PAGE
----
Umm if people should just ignor unfairness in sports, then why does everyone complain so much about the BCS Championship game and why are we considering changing the format to a playoff? I'm not saying that Spurrier's idea is a great one or that it isn't self-serving, but you have to admit that the best East team did not play in the SEC Championship last season and that is at least something to think about.
Folks can continue to spin, twist and bend the facts of what I wrote, but this is NOT about "unfairness in sports" or "unfairness in America" or "unfairness in the universe." It's about "unfairness" in scheduling. And there is NO way to create a truly balanced, fair schedule. Theoretically that would require all teams to face the exact same teams as all their rivals... on the exact same day and time... with the exact same injury/discipline issues, etc. That cannot be achieved.
Example: Some teams will get Alabama on the road this year. Some will get them at home. Unless everyone gets them at home -- or on the road -- that's unfair.
And, sorry, but I think Georgia was the best team in the SEC East last year. They went 7-1 in the league and barely lost to Carolina on a number of oddball returns and turnovers. South Carolina went 6-2 in the SEC and -- more importantly -- lost to a so-so Auburn squad at home or else they would have gone to Atlanta. Forget Arkansas, beat an 8-5 Auburn team and USC's East Division co-champs with an SEC title game trip lined up.
Interestingly, no other fanbase in the SEC has put forth this kind of silliness with this kind of volume since we've launched this site. I find that amazing, because passionate SEC fans can find a conspiracy in everything... and most would bend or break any rule or change to end any tradition if it meant their team could scrape out an extra win. Yet this has never, ever become an issue. Not even from Spurrier when the same situation might have benefited -- or hurt him -- in the past.
But I'll go back to two things mentioned in the above post:
1. If the roles were reversed and Carolina had reached Atlanta thanks to Georgia losing two games against the West, Spurrier would be silent right now and you would not be posting these comments here. (And judging from past history, no Georgia fans would be bringing this kind of "whine" from the cellar either.) So is this about "unfairness in sports" or is this about creating a new way for college and pro conferences/leagues to tally division-winners just to benefit Carolina in 2011? I think the answer to that is clear.
2. If Spurrier's format were put in place for next season and Carolina went 5-1 with a loss to Georgia and two wins versus the West to go 7-1... and if Georgia also finished 5-1 in the East -- with that tie-breaking win over Carolina -- but they LOST their two West Division games... Carolina fans and Spurrier would be squawking that a 7-1 team shouldn't be kept at home while a 5-3 team went to Atlanta. Whether you'll admit that or not, you know deep down in your heart that that's the long and short of it.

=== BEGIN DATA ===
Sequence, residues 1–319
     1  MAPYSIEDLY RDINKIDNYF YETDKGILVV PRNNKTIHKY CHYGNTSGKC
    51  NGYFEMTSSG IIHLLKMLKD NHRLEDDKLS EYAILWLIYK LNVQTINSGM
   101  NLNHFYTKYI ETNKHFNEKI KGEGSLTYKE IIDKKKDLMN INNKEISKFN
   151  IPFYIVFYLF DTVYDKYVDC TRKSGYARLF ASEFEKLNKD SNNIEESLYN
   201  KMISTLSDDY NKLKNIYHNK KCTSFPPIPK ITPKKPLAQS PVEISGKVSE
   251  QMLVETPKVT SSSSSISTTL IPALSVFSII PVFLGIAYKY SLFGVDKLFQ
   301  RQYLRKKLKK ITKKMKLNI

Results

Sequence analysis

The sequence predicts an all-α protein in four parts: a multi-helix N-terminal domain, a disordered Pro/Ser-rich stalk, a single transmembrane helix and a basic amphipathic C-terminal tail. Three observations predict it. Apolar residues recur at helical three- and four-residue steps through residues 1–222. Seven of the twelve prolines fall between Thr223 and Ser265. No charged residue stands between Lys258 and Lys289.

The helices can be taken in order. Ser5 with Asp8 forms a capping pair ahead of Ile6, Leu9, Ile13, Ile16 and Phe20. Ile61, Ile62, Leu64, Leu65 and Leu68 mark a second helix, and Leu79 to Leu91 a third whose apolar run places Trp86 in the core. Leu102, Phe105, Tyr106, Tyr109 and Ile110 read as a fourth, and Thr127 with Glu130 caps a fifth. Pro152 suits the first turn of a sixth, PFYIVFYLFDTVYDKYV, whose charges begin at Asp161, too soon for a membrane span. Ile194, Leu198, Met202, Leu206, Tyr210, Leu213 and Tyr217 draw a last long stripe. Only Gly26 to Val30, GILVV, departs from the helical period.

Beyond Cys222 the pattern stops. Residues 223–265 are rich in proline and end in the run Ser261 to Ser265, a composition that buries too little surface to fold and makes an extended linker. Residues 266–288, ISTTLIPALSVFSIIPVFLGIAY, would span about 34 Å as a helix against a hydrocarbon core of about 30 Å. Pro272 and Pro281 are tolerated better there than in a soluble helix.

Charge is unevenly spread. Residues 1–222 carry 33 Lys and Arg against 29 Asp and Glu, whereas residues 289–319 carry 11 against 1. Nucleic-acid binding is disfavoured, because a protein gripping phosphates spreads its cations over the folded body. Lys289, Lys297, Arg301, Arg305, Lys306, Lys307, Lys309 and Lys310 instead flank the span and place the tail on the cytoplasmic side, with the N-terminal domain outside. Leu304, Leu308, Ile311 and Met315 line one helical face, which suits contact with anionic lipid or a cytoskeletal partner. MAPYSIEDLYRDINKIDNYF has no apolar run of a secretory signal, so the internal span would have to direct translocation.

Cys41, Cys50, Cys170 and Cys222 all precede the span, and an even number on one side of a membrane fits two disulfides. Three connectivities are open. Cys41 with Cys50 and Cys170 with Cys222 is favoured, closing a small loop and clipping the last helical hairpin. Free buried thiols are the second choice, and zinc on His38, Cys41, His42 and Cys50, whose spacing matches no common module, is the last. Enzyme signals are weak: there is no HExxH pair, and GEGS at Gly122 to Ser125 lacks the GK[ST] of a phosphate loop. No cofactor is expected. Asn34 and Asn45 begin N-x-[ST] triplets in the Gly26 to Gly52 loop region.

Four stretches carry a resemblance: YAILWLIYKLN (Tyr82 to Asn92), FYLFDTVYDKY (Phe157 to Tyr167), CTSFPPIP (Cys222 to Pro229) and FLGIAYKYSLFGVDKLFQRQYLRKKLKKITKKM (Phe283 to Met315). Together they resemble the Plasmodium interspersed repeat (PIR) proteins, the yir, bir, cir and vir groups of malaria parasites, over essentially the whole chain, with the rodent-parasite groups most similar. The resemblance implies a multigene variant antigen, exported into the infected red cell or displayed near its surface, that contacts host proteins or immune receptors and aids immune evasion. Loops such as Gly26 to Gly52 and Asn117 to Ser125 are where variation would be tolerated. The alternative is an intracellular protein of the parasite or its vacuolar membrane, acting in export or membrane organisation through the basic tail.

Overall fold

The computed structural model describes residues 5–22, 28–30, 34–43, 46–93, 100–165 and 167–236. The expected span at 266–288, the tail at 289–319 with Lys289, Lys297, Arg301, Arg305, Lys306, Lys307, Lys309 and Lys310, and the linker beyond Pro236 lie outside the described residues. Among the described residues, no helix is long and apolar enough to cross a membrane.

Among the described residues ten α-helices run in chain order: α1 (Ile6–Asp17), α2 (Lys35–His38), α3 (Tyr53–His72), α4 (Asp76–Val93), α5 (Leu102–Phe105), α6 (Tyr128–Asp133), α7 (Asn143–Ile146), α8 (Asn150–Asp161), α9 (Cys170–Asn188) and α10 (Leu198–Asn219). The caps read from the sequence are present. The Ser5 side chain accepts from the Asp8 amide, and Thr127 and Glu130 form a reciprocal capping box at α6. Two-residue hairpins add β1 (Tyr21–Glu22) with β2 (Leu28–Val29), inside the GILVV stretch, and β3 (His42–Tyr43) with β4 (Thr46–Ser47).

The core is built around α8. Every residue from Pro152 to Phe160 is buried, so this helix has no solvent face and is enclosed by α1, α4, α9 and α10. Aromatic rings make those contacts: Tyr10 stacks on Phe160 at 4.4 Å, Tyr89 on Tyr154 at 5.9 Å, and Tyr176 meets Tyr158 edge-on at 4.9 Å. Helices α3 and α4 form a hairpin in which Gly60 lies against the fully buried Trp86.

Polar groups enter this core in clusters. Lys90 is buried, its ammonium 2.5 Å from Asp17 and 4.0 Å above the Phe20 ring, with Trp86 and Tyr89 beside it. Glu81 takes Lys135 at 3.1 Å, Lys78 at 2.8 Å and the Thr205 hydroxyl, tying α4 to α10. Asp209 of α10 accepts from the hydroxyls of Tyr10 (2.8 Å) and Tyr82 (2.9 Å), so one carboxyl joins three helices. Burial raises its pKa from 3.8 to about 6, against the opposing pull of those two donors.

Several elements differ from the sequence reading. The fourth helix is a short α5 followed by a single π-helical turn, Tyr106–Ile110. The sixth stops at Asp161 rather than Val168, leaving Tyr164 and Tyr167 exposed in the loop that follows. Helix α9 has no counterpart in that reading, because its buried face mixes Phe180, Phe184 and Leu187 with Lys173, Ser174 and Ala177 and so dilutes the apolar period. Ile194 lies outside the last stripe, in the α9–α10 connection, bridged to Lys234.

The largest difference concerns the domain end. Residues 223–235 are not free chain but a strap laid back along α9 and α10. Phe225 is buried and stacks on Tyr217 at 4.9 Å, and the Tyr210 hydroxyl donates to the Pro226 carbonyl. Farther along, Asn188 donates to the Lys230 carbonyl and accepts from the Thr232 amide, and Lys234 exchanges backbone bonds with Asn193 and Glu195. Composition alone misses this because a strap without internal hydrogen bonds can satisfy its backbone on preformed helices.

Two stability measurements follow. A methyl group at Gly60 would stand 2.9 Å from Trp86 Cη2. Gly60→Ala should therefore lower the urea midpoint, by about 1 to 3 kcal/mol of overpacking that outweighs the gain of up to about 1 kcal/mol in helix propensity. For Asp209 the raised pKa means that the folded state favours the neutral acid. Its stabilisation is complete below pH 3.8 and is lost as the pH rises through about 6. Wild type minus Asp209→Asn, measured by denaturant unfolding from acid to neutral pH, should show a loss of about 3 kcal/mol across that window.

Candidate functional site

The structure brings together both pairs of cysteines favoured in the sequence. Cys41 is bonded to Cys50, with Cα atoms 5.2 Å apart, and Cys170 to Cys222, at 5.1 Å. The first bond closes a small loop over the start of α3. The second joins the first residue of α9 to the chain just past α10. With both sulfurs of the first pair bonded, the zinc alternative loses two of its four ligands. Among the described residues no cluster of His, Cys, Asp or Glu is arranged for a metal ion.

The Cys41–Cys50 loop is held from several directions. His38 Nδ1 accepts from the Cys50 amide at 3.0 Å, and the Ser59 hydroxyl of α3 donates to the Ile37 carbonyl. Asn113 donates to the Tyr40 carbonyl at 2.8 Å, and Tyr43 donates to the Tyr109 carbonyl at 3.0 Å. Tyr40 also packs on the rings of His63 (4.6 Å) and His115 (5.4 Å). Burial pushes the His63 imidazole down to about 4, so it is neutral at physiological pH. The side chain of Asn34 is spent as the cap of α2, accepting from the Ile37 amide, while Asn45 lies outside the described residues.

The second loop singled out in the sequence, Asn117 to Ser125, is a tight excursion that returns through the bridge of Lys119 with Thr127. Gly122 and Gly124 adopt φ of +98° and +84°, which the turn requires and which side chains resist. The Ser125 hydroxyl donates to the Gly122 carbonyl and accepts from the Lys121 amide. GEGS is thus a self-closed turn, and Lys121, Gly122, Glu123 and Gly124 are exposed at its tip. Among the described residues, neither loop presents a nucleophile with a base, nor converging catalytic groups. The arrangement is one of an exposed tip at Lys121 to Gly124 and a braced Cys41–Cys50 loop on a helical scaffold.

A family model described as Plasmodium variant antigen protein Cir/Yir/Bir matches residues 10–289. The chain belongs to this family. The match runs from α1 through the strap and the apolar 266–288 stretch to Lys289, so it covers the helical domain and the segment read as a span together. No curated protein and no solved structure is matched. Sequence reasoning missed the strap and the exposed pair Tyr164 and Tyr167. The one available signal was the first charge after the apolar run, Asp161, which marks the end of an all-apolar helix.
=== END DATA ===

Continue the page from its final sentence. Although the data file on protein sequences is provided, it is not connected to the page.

In my view -- and in the view of just about everyone not associated with South Carolina football -- those factors render Carolina's argument moot. After all, if it's such a good plan, why is it being met with laughs, scoffs and eye-rolls by fans and media outside The Palmetto State? Is it just that the whole world loooooves Georgia? Or do we all haaaaaate Carolina and Spurrier? Unless you subscribe to one of those two conspiracy theories, then the answer seems to be that it's just a plain goofy idea and there's a reason no other sport has adopted it.
(And for the record, I've got an autographed Spurrier photo in my office and South Carolina has become my own personal favorite state in the Union. If I could move to Charleston, I'd be there tonight. So the "haaaaaate" thing won't work on me.)
Thanks for reading the site,
Well I never said his plan was a good one (I said as much in my original post and I think it would be a bad idea to completely disregard cross division games) and I wasn't specifically trying to single you out and say you hate SC or Spurrier. However, you and most of the people replying have commented on the fact that sometimes sports (scheduling is a part of sports) are just unfair. I was saying that yes they are but we don't always ignore that, as in the case of the BCS Championship game. Most people didn't claim Oklahoma State was just whining about not making it and they had an arguably less compelling argument than Steve Spurrier does but just as self-serving.
Furthermore, I think SC was definitely better than Georgia. Against every single East opponent, SC had a wider margin of victory, not to mention beating them head-to-head. They had one particularly bad game against a decent opponent and it ruined their chance at the SEC title.
To sum up, I don't really agree with Spurrier's idea although I understand the idea behind them and also find it troubling. Furthermore, people seem to whining a lot harder about Spurrier saying this than he was about the unfairness of it all.